Debt is a commonly accepted fact of life for most people. Unfortunately, that mindset can get you in over your head quickly. At what point do you draw the line between an acceptable amount of debt and an excessive amount of debt? For many, people find that line after they have crossed it. Often, people realize they have too much debt when their monthly payments get out of control. When you have a hard time paying the minimums every month, you know you have a problem.
Thankfully, people change. Sometimes, after hitting financial rock bottom, people realize debt sucks up a major portion of their monthly budget. They decide they no longer want debt to take a major part of their lives. However, first they must dig themselves out of the debt hole they created before they can remove the debt costs from their monthly budget.
So, how can you lower your cost of debt so you can pay your debt off faster? Here are five ways you can cut down on your interest costs.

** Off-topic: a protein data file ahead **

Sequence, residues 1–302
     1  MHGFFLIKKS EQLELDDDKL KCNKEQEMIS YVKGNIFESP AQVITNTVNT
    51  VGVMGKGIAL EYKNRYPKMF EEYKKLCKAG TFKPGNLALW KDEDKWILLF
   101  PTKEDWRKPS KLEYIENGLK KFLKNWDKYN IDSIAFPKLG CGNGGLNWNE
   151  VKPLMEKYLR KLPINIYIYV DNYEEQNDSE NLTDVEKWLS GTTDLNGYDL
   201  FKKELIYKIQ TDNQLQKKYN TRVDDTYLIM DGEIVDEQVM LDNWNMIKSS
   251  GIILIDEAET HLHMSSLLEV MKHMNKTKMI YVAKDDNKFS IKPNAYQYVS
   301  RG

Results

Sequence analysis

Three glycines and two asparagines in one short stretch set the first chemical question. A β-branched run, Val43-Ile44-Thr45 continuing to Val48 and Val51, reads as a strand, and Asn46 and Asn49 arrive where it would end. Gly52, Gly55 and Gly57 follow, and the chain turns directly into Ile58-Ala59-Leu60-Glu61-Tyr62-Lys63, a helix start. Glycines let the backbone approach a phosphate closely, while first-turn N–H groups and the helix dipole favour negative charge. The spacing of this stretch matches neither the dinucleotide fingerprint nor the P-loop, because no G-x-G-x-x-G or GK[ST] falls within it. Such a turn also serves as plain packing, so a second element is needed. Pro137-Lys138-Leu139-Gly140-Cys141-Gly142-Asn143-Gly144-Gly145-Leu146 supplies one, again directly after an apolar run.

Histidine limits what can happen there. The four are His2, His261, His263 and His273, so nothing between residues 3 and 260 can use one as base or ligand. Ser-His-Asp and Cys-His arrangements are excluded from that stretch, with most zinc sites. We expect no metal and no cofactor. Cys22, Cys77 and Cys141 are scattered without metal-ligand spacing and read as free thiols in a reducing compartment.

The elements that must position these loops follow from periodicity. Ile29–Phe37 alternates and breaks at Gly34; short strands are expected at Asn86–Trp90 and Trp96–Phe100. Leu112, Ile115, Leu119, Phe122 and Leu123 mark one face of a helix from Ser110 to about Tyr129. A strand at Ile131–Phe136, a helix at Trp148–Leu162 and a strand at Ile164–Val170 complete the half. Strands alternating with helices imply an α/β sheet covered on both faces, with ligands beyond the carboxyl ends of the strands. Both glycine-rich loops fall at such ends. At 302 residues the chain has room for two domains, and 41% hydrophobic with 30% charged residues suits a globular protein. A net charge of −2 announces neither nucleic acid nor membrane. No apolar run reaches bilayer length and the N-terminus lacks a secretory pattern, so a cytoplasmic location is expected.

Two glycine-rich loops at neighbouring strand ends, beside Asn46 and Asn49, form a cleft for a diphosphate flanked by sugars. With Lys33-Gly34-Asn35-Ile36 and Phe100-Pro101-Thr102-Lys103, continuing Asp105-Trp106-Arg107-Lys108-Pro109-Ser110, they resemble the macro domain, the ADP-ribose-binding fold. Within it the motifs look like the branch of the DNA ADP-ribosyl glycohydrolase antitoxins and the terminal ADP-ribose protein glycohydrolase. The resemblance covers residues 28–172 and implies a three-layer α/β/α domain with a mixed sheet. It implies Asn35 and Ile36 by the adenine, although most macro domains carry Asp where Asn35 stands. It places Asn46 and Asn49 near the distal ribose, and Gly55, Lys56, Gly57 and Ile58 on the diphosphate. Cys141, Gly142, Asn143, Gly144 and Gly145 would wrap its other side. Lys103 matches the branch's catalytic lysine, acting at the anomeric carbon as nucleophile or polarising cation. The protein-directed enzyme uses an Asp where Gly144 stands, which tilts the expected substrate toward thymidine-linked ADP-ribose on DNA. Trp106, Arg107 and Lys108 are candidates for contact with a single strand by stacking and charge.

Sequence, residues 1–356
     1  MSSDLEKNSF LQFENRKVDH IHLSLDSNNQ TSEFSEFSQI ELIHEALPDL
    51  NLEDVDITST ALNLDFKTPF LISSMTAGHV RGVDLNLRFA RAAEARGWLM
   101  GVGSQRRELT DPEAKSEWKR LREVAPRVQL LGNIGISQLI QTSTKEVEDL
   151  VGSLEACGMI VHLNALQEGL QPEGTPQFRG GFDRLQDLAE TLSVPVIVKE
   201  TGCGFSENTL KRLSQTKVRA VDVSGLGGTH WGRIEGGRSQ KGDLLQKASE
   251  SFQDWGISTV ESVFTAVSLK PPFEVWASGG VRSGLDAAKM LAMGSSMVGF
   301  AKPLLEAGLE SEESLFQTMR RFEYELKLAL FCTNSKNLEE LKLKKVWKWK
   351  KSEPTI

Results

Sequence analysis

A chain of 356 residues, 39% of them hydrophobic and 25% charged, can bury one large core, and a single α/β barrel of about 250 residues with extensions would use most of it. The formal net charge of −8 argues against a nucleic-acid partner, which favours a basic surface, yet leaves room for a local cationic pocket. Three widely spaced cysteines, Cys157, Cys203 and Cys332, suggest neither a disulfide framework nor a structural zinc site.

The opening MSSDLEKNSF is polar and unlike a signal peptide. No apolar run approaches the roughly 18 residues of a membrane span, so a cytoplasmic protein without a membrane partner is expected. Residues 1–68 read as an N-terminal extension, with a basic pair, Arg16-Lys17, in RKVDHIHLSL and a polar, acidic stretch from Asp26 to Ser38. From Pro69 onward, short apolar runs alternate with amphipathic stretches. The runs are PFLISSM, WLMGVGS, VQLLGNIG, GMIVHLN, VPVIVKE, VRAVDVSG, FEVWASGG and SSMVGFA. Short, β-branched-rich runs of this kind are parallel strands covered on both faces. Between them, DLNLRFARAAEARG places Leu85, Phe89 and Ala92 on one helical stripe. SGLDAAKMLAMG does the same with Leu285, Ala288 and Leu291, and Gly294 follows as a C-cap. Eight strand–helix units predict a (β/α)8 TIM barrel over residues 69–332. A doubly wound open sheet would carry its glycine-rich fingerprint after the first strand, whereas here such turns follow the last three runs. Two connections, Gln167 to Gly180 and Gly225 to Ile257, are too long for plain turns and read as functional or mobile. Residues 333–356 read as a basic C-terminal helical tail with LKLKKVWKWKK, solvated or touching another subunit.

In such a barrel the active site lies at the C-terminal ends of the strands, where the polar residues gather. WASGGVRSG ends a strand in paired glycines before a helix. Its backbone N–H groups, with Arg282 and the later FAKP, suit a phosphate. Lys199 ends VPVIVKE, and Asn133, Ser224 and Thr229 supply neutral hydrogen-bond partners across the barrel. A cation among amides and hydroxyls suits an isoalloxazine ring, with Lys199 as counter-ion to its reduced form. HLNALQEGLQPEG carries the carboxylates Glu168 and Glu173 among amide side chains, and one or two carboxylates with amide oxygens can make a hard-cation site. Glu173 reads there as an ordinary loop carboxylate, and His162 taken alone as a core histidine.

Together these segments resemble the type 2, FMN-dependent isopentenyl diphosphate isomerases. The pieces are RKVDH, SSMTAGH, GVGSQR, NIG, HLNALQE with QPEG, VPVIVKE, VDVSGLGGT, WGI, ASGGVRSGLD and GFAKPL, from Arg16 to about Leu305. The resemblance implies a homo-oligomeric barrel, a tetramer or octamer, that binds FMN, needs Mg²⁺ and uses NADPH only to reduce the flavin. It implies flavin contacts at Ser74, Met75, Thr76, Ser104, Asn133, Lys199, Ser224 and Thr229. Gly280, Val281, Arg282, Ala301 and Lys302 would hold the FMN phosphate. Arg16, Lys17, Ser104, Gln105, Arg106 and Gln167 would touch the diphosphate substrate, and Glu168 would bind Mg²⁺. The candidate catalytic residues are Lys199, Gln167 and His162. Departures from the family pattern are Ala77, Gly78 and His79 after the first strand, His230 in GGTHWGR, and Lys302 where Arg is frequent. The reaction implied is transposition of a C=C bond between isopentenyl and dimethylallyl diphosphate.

0% Balance Transfer Credit Cards
Using 0% balance transfer credit cards can give you a reprieve from higher interest rates. Here’s how it works.
Rather than paying 19.99% interest on another credit card or 5.9% on your car loan, you can get an introductory 0% interest balance transfer credit card offer. If you’re approved for one of these offers, you will often be able to transfer a balance from another debt to your credit card and pay 0% interest for the introductory time period.
The introductory 0% interest balance transfer offers range in length. Some are as short as a few months while others last as long as 21 months. This time can save you some serious money on the interest payments you’d usually be making on the debt. Learn how credit cards aren’t all bad and how they can help you.
What to Watch Out For